- On Wall Street, in Silicon Valley, across the legal profession and the corporate world, a growing chorus of companies are singing the praises of a kinder workplace, announcing policies like generous maternity leave at Netflix and Goldman Sachs’s rule against investment-banking analysts working on Saturdays, according to a New York Times article.
- But, writes Noam Scheiber, a closer look at the forces that drive the relentless pace at elite companies suggests that — however much the most sought-after employers in the country may be changing their official policies — brutal competition remains an inescapable component of workers’ daily lives.
- In some ways it’s even getting worse, Scheiber writes.
Robert H. Frank, a prominent economist at Cornell University, told the Times that that far more people are interested in top jobs than there are available slots, leading to the brutal competition that plays out at companies (especially law firms) where only the best are destined for partnerships or senior management positions.
As long as there are a large number of new employees competing for a limited number of highly lucrative positions, the Times reports, policy changes focused on work/life balance and other worker-friendly ideas aren’t likely to persuade many people to ease up.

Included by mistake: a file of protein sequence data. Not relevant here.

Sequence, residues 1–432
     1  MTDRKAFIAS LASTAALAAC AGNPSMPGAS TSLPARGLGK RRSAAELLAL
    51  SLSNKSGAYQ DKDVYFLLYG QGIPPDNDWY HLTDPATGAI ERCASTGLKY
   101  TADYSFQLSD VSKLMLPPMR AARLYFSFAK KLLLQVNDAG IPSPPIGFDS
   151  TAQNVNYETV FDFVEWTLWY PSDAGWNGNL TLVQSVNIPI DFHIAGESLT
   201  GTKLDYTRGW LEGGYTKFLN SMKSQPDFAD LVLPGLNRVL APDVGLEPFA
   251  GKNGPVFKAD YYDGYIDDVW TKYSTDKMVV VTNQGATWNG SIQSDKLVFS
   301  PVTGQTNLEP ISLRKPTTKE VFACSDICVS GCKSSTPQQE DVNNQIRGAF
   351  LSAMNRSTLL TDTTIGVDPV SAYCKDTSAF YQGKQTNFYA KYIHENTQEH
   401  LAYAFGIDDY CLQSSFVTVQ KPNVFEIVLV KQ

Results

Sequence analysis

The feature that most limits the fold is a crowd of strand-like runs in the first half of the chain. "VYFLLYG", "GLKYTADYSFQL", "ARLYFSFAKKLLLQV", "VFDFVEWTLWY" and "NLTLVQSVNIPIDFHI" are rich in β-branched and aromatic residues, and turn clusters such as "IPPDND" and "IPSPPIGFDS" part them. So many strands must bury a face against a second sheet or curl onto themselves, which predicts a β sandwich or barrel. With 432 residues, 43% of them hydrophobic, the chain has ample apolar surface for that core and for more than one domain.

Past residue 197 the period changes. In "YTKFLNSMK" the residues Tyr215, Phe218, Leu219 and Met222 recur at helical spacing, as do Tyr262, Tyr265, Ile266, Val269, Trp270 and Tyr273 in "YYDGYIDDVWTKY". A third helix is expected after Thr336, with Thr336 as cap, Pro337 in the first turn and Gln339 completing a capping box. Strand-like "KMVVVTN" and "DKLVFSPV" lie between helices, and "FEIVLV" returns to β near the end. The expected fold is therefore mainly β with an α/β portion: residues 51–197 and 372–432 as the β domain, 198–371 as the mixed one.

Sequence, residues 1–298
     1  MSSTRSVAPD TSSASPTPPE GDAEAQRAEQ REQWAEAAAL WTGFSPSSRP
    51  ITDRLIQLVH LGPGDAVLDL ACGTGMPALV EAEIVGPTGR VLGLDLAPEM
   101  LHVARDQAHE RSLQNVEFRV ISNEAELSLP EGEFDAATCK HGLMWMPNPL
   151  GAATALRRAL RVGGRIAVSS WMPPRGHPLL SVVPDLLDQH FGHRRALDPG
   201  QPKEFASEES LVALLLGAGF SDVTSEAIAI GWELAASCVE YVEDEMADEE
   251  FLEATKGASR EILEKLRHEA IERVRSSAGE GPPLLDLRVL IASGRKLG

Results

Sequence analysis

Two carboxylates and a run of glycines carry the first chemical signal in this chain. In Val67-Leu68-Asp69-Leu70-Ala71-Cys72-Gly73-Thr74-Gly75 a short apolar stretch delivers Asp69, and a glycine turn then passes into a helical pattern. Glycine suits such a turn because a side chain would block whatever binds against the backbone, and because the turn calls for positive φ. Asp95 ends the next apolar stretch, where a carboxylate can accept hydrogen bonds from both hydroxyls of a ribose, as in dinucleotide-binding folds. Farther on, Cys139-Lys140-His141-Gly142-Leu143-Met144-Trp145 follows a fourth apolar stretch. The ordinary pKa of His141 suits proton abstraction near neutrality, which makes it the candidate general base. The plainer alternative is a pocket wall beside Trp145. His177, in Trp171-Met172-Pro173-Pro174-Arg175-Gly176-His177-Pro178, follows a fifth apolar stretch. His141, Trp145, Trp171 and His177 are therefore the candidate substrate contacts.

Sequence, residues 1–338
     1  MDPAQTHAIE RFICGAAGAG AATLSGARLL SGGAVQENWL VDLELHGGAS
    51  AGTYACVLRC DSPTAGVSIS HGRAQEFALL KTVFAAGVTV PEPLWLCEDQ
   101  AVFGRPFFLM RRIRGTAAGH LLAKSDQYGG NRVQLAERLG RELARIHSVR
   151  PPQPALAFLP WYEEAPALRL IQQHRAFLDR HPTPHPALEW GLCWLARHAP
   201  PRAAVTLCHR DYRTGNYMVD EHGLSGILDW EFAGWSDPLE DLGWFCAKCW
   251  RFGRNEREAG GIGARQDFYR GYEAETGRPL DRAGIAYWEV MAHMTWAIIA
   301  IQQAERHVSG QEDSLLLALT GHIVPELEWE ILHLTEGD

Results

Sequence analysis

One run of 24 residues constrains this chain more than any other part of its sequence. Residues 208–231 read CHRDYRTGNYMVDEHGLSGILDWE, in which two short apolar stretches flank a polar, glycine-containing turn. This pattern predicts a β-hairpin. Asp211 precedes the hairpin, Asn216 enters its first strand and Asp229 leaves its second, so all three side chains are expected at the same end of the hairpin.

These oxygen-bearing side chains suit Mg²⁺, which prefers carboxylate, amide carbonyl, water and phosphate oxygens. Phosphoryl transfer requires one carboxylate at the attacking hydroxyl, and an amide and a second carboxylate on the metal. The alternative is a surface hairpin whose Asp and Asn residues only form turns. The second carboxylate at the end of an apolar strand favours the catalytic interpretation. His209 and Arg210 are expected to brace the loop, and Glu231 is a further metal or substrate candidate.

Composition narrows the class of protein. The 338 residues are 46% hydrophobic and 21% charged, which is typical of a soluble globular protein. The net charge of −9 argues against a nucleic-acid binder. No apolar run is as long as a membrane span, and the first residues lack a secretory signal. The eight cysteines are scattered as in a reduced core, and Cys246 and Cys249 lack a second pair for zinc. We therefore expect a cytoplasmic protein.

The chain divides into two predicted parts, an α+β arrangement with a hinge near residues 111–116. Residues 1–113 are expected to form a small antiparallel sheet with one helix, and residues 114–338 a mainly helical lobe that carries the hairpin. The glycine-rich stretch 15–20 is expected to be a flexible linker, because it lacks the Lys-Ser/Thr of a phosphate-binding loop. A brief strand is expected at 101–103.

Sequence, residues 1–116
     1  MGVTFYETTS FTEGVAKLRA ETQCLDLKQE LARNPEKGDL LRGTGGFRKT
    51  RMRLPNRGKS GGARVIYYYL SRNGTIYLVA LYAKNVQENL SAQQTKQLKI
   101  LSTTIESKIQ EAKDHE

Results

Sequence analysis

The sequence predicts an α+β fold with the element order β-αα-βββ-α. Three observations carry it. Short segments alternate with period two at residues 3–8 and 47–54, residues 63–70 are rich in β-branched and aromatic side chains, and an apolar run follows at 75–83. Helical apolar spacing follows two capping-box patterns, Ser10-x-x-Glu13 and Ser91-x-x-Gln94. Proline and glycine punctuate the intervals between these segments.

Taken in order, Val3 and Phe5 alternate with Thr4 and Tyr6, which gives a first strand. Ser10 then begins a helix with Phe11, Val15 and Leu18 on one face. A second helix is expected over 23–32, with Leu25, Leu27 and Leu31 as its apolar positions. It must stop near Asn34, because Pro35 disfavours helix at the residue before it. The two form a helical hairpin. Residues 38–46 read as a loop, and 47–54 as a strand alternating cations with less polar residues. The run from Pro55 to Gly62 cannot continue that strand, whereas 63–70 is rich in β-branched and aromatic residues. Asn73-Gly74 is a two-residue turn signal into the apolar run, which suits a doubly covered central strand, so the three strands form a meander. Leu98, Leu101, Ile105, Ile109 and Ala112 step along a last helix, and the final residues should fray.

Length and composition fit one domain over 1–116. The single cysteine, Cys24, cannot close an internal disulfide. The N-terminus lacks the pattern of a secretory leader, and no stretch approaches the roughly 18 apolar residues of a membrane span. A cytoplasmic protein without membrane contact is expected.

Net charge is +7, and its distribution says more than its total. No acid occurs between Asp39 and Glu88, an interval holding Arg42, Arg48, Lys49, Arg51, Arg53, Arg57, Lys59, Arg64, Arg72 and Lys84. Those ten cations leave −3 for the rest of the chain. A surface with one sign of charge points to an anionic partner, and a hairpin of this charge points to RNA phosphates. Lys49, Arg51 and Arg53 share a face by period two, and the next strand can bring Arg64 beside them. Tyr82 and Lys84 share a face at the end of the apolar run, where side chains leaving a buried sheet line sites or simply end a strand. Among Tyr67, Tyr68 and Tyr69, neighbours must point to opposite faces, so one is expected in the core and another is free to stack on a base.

Even so, the article concludes that even the notoriously brutal legal profession is resorting to "alternative work arrangements" and many previously elite law firms are finding they no longer have the profits or the partnership slots to make the their traditionally competitive partnership system work.
“Amazon is at the top of the food chain,” William Henderson, an expert on law firm economics at the Indiana University Maurer School of Law, told the Times. “Maybe they can get away with it. But most firms can’t rank and yank.”